Middle management consists of the department heads, other general managers, and division heads. This group usually is not responsible for establishing overall company policy and goals, but is, to a large extent, the group that transforms company goals into operational policies.

Top management and middle management are jointly responsible for establishing operational policies. These policies may involve such things as the pricing policy for product lines, the financial policy of the firm, and various production policies. These policies are the guidelines for other managerial and operational decisions within the firm.

Organizing involves the utilization of men, materials, money, and machines in such a manner as to efficiently achieve the desired results. The organization may stress the methods of operation, or it may emphasize the organizational structure of the firm, stressing the managerial structure and hierarchy of command within the firm.

The actuating function concerns the blending together of all of the distinct departments and operations in the business enterprise. Coordination is vital, for example, between the sales department and the production department, so that one is not selling goods that cannot be delivered when promised, and the other is not producing goods that cannot be sold.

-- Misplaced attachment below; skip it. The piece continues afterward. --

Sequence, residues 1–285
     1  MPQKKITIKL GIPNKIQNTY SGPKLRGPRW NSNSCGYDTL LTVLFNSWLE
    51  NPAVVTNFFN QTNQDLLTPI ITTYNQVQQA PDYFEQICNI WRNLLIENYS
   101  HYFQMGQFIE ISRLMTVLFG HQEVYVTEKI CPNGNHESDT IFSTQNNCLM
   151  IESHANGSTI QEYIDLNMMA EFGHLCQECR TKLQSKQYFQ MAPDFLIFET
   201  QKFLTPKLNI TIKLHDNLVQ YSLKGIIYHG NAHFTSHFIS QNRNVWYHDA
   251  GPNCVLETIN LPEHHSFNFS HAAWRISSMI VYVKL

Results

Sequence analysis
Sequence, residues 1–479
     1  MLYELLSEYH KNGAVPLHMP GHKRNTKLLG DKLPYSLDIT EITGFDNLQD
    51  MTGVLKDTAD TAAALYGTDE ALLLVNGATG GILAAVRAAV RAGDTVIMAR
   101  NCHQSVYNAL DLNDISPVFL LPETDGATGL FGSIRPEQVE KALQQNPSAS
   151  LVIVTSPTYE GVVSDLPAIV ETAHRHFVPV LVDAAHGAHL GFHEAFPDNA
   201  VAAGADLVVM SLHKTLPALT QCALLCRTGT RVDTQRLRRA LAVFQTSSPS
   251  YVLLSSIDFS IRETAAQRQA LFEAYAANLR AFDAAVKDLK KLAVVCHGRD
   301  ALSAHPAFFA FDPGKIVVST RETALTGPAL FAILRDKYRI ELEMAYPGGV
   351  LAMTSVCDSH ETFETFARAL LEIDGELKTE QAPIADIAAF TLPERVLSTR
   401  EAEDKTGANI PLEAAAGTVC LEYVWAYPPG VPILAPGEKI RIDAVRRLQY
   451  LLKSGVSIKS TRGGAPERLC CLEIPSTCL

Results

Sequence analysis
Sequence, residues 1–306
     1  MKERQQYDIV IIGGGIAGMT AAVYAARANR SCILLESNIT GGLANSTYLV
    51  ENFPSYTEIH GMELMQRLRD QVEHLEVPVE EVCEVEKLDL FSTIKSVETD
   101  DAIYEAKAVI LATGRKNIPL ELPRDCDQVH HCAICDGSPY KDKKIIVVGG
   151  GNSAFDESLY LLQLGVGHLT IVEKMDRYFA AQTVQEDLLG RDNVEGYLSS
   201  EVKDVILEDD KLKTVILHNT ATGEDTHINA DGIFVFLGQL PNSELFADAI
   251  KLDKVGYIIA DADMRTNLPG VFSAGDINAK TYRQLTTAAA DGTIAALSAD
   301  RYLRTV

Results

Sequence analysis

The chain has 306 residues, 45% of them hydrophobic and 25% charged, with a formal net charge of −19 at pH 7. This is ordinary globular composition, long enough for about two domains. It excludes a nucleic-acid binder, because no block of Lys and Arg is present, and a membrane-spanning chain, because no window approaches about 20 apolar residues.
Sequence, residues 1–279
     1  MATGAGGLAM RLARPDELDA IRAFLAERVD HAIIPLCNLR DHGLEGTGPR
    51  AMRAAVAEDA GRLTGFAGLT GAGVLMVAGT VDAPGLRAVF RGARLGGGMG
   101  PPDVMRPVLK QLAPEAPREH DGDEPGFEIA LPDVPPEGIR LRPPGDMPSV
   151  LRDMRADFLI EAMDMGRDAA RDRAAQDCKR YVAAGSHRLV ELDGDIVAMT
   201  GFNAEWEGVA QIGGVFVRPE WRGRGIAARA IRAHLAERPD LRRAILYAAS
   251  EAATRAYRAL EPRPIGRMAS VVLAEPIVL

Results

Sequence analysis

The control function concerns the evaluation of all of the activities of the firm and the comparison of these activities with the desired objectives of the firm. The purpose, of course, is to locate sources of inefficiency in operations. It is worth noting that this final step in the managerial structure is directly related to the first step, since many future decisions, plans, and changes in organization will depend on the results obtained from the controlling of previous tasks.


Indicate whether each of the following is true or false by writing ‘T’ or ‘F’ in the space provided.

….. 1. The management of a business establishes the firm’s policies, goals, and objectives.

….. 2. Most of the planning function in a business occurs at the middle-management level.

….. 3. The operational policies of a firm are usually set only at its top level of management.

TEST 2

Part A

^ STRUCTURE AND WRITTEN EXPRESSION

Directions: In this part each problem consists of an incomplete sentence.

Below the sentence are four choices marked (A), (B), (C), and (D). You should

find the one choice which best completes the sentence.


1. Business, ….. definition, involves all of the activities that play a part in bringing goods and services to the ultimate consumer of those goods.

(A) by

(B) within

(C) from

(D) for

2. People ….. in business because they see the opportunity to make a profit by marketing the product or service they produce.

(A) enforce

(B) engage

(C) enfold

(D) endear

3. ….. can state, therefore, that business is primarily concerned with the satisfaction of human wants in return for a profit.

(A) You

(B) She

(C) We

(D) He

4. Profit ….. as the difference between the cost of producing or providing the product or service and the actual charge made to consumers of that product or service.

(A) ought to be viewed